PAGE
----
In one of my recent posts, I wrote about Hans II of Denmark and his wife, Kristina. Not a marital union that ended all that happily—not after Hans became so infatuated with the fair Edle he forgot that key word discretion, thereby humiliating his loyal wife before the entire court. Well, so thought the queen at any rate, and she does seem to have been supported by her eldest surviving son, Kristian.
Prior to Edle, the Hans/Kristina union seems to have been relatively harmonious, and over the years she presented hubby with six children. The first two boys died very young. Losing a child was something most people in the 15th century experienced at least once. The innocent was gone to join its heavenly father and in some cultures displaying too much grief over a dead child was therefore considered inappropriate. Huh. I imagine the loss of a child was as painful then as it is now.
Kristina must have felt an element of relief when the two boys next in line survived those critical first few years. It is likely both Kristian and Jakob were born before their older brothers died (Kristina seems to have beend elivered of one child a year) which may explain why Jakob was destined for the church. As a fourth son, he was sort of expendable—the succession was already assured. Well, until it no longer was, what with brothers Johan and Ernst dying, leaving Kristian as the eldest.
Kristina was very devout—as were both Kristian and Jakob. I imagine it pleased her to have one son dedicate his life to the church, but I wonder just how happy it made her hubby when Jakob chose to join the Franciscan order. After all, a royal prince who chose a religious path was expected to make a career out of it, becoming a powerful dignitary within the Holy Church.
“A friar?” Hans II may have exclaimed. “My son, a mendicant friar? No, no, I will not have it!”
Except that Jakob was already committed to his new life.
Now, before we go on, I think it is important to introduce a little caveat. You see, not everyone is convinced Jakob, Prince of Denmark is the Danish Fransiscan this post is about. Jakob was not an unusual name, and some have objected that a prince would not have embraced such a hard life voluntarily. Thing is, we know very, very little about Jakob the royal princeling, but reasonably if he’d ended up somewhere else there would have been some mention of him. Unless he too died very young—except there is no mention of that either. So for teh sake of this post, I am going to assume Jakob, Prince of Denmark = Jakob of Dacia.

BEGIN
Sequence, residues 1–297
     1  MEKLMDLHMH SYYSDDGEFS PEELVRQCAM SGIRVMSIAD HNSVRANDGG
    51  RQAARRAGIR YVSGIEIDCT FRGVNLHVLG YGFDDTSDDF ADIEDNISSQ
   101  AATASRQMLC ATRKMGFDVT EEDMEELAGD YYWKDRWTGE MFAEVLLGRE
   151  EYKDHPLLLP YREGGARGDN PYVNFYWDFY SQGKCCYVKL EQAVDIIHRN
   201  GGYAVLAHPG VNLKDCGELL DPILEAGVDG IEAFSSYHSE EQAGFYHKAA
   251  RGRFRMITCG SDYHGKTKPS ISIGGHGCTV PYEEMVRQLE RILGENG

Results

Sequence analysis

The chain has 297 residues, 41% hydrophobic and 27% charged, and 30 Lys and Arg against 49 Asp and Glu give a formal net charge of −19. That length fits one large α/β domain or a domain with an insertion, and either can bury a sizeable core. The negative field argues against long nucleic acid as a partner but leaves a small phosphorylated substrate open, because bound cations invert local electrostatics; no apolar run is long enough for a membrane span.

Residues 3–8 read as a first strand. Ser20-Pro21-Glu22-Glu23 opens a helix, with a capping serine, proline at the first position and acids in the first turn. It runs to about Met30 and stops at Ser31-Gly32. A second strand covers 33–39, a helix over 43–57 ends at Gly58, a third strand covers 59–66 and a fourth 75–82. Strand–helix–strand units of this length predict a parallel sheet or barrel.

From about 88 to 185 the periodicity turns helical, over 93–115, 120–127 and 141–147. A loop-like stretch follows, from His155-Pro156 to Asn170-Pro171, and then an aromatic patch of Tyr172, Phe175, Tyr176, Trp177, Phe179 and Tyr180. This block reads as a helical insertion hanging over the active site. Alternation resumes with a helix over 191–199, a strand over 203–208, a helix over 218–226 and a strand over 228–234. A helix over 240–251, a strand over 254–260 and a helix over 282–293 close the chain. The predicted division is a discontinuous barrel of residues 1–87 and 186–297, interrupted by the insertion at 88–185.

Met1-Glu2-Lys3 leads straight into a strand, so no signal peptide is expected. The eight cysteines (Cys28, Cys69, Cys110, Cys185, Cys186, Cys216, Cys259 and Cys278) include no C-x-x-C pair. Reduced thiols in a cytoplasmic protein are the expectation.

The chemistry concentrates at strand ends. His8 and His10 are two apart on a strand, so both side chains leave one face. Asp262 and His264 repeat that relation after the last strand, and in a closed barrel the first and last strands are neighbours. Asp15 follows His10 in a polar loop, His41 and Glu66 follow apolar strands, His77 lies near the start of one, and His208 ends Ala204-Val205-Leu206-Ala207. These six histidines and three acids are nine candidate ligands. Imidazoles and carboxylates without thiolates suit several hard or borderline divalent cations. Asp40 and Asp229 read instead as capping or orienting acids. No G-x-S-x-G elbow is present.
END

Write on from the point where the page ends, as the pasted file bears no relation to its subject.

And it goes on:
With that caveat in place, let us leap back to our Jakob. His parents believed in educating their children. Little Jakob wss taught to read and write in Danish, German, Latin, Greek and Hebrew. As a friar, he resided several years in Malmö—my hometown—and spoke out loudly against the Reformation. In Malmö, the Reformation was quite a violent event, led by Claus Mortensen who seems to have detested the Franciscan friars. I have tried to find out why, but have not been able to discover a reason for Claus’ dislike. Maybe the Franciscans were merely a convenient symbol of the Catholic Church.
In 1529, a mob led by this passionate reformer attempted to force their way into the Franciscan church. They did not succeed, but some months later the remaining friars were forced to leave. Among them was Jakob, who returned to Denmark. But the Reformation was spreading like wildfire in Denmark as well, which had Jakob fleeing to Mecklenburg where his brother-in-law still held on to the old faith (in serious opposition with his wife, Jakob’s sister, who embraced the Lutheran faith with a fervent passion. She was forced to flee her hsuband’s lands to avoid being locked up…)
While in Mecklenburg, Jakob became the head of the Franciscan province of Dacia, which essentially encompassed all of Scandinavia. It was as Jakob of Dacia he made his way to Spain where he learned Spanish and Arabic, and in 1540 or so, he landed in Veracrúz, México, there to contribute to the Franciscan efforts to convert the locals to the true faith.